UN, Western leaders cautiously welcome new Lebanon government
Guterres added of the new government that "of course it is not enough, there are many other things to be solved, but this was the basic condition for anything else to be possible."
"I wish that he is able to bring together the different Lebanese communities and the different Lebanese political forces in order to make sure that Lebanon is able to overcome the dramatic situation it faces now," Guterres told a press conference.
Lebanon ended a 13-month wait for a new government with the unveiling of a lineup that faces the daunting task of rescuing the country from economic meltdown.
Billionaire Mikati, Lebanon's prime minister for the third time, made an emotional statement from the presidency vowing to leave no stone unturned in efforts to save the country from bankruptcy.
The newcomers include many technocrats but each minister was endorsed by one or several of the factions that have dominated Lebanese politics since the 1975-1990 civil war.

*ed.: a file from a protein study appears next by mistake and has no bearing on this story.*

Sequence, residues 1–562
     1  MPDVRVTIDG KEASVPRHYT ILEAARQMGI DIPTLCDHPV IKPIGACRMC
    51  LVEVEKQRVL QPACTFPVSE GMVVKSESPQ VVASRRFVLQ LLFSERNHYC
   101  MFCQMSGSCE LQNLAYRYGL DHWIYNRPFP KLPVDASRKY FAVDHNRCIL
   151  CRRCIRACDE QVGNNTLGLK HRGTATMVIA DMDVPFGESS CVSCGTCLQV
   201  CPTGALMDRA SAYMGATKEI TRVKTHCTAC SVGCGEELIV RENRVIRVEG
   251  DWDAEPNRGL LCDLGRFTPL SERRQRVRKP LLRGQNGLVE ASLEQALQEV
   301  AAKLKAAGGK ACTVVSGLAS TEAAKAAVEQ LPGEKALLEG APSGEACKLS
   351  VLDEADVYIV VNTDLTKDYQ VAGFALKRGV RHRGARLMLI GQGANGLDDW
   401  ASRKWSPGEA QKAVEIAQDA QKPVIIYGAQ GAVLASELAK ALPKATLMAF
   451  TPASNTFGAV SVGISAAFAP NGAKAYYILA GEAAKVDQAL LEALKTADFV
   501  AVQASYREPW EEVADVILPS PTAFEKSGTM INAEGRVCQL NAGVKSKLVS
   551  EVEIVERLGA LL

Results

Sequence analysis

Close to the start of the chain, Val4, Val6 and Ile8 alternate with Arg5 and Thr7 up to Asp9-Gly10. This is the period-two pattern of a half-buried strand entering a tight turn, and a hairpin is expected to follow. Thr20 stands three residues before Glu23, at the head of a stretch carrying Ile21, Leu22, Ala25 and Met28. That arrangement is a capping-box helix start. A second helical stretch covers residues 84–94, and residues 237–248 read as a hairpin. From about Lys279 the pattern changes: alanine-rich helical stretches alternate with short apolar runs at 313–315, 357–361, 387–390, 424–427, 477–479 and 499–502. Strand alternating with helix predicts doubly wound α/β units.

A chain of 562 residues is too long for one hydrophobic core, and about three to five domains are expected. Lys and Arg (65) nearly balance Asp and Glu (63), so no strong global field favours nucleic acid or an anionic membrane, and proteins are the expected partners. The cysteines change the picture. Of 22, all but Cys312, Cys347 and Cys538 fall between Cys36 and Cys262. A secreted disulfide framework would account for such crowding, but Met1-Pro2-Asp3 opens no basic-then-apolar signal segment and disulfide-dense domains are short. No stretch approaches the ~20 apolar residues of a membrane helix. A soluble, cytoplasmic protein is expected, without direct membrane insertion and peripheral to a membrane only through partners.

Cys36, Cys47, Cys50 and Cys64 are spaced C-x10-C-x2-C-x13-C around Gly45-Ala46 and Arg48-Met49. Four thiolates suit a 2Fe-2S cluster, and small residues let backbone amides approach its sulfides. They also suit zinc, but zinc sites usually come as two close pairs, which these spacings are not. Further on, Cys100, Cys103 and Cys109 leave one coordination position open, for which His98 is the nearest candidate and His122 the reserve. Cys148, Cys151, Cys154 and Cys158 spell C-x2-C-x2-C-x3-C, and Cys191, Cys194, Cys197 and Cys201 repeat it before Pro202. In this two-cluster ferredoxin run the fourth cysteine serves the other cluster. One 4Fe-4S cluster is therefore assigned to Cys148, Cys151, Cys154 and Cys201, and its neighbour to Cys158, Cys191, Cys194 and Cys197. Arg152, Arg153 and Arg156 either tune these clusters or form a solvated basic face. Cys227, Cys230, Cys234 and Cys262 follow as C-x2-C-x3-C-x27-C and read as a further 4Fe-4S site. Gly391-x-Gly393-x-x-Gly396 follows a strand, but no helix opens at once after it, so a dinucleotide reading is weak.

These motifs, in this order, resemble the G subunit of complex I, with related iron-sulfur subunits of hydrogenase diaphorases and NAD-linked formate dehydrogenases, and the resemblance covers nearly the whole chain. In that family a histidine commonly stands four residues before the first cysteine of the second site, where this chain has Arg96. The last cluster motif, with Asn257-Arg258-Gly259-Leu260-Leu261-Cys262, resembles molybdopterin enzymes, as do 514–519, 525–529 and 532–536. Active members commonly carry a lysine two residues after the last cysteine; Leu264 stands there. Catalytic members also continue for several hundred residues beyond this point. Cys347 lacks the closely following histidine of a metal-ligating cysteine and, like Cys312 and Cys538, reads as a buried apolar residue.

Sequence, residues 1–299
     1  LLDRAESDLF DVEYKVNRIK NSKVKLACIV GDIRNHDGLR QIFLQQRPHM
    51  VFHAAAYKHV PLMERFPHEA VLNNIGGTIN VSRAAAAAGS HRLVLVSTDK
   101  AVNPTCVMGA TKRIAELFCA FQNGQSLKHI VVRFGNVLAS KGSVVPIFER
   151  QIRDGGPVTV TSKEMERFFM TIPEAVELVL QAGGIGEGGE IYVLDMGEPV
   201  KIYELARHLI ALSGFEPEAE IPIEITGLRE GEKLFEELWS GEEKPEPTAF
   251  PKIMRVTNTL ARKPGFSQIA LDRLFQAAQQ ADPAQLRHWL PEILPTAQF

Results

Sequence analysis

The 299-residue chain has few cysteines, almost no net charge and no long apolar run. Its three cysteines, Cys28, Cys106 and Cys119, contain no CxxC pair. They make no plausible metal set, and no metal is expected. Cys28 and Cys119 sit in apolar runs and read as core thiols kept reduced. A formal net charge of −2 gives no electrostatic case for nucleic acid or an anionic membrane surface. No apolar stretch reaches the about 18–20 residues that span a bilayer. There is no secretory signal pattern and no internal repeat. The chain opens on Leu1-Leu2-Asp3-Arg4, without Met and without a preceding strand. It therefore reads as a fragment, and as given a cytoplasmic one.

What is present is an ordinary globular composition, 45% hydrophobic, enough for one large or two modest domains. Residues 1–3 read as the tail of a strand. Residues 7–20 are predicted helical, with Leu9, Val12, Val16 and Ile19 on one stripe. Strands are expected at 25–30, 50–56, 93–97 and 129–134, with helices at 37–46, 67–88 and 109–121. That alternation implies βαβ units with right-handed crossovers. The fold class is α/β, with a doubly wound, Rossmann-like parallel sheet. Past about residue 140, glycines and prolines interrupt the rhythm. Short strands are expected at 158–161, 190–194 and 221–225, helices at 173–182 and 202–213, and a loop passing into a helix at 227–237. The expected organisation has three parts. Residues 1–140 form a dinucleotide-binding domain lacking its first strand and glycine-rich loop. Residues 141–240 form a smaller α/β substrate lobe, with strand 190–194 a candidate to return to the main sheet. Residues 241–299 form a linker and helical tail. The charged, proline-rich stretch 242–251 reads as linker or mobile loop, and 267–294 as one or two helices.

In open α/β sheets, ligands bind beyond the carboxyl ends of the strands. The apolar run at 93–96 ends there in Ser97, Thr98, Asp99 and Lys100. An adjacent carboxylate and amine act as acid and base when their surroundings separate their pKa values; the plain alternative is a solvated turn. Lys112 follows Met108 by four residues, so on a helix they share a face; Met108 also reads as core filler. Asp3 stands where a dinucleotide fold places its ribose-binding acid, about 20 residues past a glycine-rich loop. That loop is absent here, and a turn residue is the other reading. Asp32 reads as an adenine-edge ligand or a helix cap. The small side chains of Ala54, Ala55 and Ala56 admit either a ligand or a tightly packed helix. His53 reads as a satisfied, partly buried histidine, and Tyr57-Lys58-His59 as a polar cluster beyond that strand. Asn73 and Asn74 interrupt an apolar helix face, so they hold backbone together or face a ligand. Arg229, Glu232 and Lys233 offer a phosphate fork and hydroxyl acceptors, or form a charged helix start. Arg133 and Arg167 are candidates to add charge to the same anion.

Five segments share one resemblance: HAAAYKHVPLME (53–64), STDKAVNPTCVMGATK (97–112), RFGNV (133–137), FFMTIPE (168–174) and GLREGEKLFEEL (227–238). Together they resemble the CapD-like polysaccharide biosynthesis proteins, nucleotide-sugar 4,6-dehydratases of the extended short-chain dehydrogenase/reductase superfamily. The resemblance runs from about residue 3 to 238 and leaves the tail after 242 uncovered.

The United States on Friday called for Lebanon to take "urgent action" to reform a battered economy.
"The United States welcomes the announcement that Lebanon's leaders have agreed to form a new government under the leadership of Prime Minister-designate Najib Mikati, offering hope that urgent action will be taken to address the dire needs and legitimate aspirations of the Lebanese people," State Department spokesman Ned Price said.
"We urge quick approval by the parliament so that this new government can get to work on concrete reforms to address Lebanon's deteriorating economic situation."
French President Emmanuel Macron called the new government's appointment a "very important step" for Lebanon "to pull the country out of the deep crisis in which it finds itself".